While that is ongoing dump the liquid from your mushrooms out and put the mushrooms themselves into the food processor.  Add in the button mushrooms and the tomato paste.  Add a splash of water.  Pulse for about 5-10 seconds.  Again until finely chopped but still chunky.  This will also then be dumped into the pot and stirred to mix together.  Let simmer for a few minutes and while it is doing so, toss your can of stewed tomatoes into the food processor.  Stir those into the pot as well as the red wine.  Bring the temp up to a boil and then reduce the heat and let simmer for 10 minutes.  Cook your pasta during this time.


As the final step add in the mascarpone cheese to the sauce and let simmer for another 5 minutes or so while the pasta is finishing.  Then meld the pasta and sauce together.  Add a splash of the pasta water if needed. Top with Parmesan cheese and basil.


As I said before this dish is very filling.  It is also a great way to get veggies in without really knowing it (why would someone want that???) since they are mixed into the sauce.  Once I added more tomato flavor to this it made it more appetizing to me as someone who just can’t get past a heavy mushroom flavor- even though there are still 7 ounces of mushrooms in the dish.  I have to give myself credit on this one- the atmosphere in the posh Giada dining room may have outdone my living room, but the flavor of the dish was top notch both places.

** Adapted from Giada De Laurentiis


New York City: Babbo and Otto


I used to be such a naive person. I looked at Mario Batali in his ridiculous orange crocs, and I unfairly judged him on his appearance. That was a mistake. At this point we have eaten at every Molto Mario restaurant, and even seen the man (and crocs!) in person. I can say, without a doubt, that to me Mario is infallible and producing some of the best Italian food there is to eat in this country. This post is specifically about Babbo and Otto, where we ate this trip to NYC, but Del Posto is a beautiful gem sitting atop the fine dining scene in New York.  At the opposite end of the spectrum is the everyday accessible Eataly. The food here is as delicious, but it comes wrapped in a package of a market packed to the brim with imported and fresh goods. It honestly is a flurry of activity and takes some time to navigate. Let’s get down to the bones of it and start with Babbo.

Babbo and Otto in NYC are both located right by Washington square park, about a block from each other. Babbo is the stand-by Batali restaurant that has been around the longest (opened in 1998). It remains the hardest to get a table here. Even a month out, the only times for reservations are early around 5:30 or later around 10:30.  This suits us as we try to pretend we are still young when we travel and eat late at night. The place is still packed to the gills at 10:30 on a Friday. 80s rock like Guns and Roses is playing and drinks are flowing- everyone is having a good time. Our table-mates next to us may have too good a time: they gave a “whoop” each time a new course came, were pretty hammered, and I’m pretty sure wandered off at the end of the meal to have sex in a bathroom. Yuck!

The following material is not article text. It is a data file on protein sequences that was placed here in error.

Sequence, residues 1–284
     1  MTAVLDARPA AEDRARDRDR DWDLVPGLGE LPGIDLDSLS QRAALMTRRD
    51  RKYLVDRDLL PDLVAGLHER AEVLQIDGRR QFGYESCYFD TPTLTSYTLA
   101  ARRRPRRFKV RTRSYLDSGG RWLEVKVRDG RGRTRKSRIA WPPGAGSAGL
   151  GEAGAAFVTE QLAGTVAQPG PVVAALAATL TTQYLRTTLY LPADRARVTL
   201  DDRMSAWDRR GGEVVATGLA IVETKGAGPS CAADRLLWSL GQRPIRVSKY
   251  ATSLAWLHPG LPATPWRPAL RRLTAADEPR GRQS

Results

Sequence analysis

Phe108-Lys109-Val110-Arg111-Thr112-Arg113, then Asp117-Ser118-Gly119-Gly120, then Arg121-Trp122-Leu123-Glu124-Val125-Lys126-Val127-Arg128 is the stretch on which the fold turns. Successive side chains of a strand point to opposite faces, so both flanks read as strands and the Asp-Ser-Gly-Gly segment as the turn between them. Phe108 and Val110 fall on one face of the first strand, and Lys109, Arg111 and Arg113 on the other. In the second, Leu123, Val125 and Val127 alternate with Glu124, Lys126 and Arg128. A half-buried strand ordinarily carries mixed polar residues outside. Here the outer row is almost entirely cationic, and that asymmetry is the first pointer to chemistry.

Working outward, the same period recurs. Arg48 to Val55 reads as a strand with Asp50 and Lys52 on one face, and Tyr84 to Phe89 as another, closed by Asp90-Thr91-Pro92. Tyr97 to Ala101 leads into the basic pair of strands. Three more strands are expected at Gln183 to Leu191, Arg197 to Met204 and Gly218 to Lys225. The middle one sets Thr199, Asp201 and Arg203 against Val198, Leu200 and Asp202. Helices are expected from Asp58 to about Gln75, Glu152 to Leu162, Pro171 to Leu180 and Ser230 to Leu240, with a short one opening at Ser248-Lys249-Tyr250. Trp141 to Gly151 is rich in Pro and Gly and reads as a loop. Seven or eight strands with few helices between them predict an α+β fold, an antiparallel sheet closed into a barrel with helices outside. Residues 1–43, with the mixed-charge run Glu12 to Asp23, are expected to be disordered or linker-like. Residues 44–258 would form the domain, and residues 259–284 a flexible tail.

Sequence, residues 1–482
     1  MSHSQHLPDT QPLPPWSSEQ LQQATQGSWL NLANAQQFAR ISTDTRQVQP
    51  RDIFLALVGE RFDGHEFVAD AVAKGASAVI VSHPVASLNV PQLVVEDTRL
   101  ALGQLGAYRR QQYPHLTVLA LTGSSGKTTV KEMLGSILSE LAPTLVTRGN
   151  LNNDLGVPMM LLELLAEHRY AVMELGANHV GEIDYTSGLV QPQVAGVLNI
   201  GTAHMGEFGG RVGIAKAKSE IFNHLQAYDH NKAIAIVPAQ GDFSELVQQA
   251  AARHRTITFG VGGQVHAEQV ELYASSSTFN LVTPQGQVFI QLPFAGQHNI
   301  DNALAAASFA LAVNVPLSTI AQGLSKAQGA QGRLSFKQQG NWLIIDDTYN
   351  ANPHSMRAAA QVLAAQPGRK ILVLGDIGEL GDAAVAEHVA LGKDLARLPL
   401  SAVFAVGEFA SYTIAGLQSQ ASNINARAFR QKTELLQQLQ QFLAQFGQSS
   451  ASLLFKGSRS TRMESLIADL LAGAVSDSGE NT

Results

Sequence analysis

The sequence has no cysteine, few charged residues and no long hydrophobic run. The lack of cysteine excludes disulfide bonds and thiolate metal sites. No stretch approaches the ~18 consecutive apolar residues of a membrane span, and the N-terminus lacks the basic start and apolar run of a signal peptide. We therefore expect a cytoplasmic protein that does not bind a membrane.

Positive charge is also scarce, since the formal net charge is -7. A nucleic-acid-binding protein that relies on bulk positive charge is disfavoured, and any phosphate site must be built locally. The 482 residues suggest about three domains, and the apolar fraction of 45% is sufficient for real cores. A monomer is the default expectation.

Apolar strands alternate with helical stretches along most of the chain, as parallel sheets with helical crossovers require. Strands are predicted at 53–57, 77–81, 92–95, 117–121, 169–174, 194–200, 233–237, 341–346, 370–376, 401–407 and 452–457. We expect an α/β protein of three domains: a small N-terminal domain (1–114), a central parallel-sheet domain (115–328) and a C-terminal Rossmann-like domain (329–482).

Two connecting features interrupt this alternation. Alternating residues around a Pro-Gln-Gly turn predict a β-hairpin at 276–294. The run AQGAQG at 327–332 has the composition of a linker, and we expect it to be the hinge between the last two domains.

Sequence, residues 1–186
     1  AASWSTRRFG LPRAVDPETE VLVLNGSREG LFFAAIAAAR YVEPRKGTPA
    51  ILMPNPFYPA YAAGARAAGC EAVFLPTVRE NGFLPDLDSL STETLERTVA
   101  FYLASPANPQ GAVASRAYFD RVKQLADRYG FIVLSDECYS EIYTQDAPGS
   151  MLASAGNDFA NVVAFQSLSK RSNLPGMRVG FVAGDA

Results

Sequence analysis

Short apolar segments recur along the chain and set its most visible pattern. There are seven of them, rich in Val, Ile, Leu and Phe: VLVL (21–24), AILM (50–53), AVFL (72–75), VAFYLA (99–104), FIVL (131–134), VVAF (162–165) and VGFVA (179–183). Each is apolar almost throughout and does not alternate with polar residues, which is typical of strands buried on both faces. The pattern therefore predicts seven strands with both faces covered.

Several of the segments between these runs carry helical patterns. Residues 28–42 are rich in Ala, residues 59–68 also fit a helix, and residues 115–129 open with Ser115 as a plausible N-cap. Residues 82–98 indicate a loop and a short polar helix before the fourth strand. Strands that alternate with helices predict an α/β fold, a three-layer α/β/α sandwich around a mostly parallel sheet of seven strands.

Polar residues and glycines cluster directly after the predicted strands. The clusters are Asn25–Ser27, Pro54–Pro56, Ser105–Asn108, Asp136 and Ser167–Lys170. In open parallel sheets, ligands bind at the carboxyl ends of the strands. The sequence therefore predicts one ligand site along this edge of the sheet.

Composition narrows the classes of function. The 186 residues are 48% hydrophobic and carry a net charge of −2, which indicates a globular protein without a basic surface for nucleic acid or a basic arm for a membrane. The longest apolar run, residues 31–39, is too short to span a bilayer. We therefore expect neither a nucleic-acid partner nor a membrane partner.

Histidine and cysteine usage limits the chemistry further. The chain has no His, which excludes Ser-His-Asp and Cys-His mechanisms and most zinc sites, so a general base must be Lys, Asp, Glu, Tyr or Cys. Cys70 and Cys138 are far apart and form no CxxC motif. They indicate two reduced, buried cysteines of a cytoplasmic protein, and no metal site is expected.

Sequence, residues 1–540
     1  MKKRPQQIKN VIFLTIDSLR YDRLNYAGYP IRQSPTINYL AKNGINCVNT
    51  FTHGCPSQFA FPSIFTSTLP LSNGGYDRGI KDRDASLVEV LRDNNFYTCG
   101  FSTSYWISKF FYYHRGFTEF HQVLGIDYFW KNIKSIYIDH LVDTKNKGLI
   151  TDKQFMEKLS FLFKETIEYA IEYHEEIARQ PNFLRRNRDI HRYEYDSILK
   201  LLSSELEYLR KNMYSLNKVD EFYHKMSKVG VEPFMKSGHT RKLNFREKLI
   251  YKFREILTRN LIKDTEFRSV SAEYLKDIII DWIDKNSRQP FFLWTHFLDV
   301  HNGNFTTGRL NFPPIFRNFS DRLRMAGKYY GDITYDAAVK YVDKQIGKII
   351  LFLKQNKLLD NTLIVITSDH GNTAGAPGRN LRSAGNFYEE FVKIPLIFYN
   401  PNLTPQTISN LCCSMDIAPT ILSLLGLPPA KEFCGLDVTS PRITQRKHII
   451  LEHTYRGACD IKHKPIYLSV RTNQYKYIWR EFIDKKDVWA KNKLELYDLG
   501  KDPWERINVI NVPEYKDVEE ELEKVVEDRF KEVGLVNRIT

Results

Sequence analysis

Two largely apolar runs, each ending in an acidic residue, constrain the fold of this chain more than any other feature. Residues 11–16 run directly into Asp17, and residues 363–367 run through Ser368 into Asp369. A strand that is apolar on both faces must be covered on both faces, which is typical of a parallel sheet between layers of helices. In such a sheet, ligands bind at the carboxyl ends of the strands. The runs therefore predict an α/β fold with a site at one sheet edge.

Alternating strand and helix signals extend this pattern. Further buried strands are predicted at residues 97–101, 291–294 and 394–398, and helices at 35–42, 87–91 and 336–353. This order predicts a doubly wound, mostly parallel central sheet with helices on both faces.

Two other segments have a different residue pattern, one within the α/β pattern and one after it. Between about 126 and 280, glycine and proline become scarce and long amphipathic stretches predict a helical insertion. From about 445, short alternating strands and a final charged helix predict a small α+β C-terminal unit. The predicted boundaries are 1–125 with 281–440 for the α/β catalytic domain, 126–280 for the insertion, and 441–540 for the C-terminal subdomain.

At Babbo there is not a huge preponderance of vegetarian choices. Even the pasta courses and antipasti are meat focused. There are a few choices for each course. Some of the vegetable dishes have meat or meat broth in them, they are more than happy to prepare them vegetarian for you.  The choices that are available are all wonderful!


The night we dined, there was a special appetizer- buffalo mozzarella with an arugula pesto. This came on bread, which I didn’t expect, but it was so good. I’ve never had a pesto from Mario that wasn’t fresh and delicious, and this one was no different.


For my main pasta course I loved the pumpkin “lune” or ravioli. These are ubiquitous now, seemingly on fall menus everywhere, but eating here I’m reminded where they originated at here in the States. Seasoned with sage and a light dusting of amaretti cookies, each bite is perfection.

image image

We ordered several vegetable sides to go along with our meals. The beet farroto (at top) was absolutely beautiful and really highlighted the flavor of beets. Brussels sprouts (sans pancetta) were roasted to soft and supple goodness. The only bad note was the rapini- it hadn’t been sautéed quite enough and was still very bitter and sour.


We saw another table order this beautiful desert and had to have it. It was a mix of gelato and sorbet. The standouts for me were the corn, olive oil, and coconut. It was just a lovely way to close out a lovely night.

At both Babbo and Otto the service was excellent: polite, attentive, and friendly. We went to Otto before going out to see Hamilton (the best musical ever!). Otto is more casual and easier to get a reservation, more family friendly. This was our first time eating here for dinner; we’ve had lunch before on several occasions. What I love about Otto is there are so many vegetarian choices. From appetizers, salads, vegetables, pastas, pizzas there are an abundance of options. I am like a kid in a candy store when I eat here.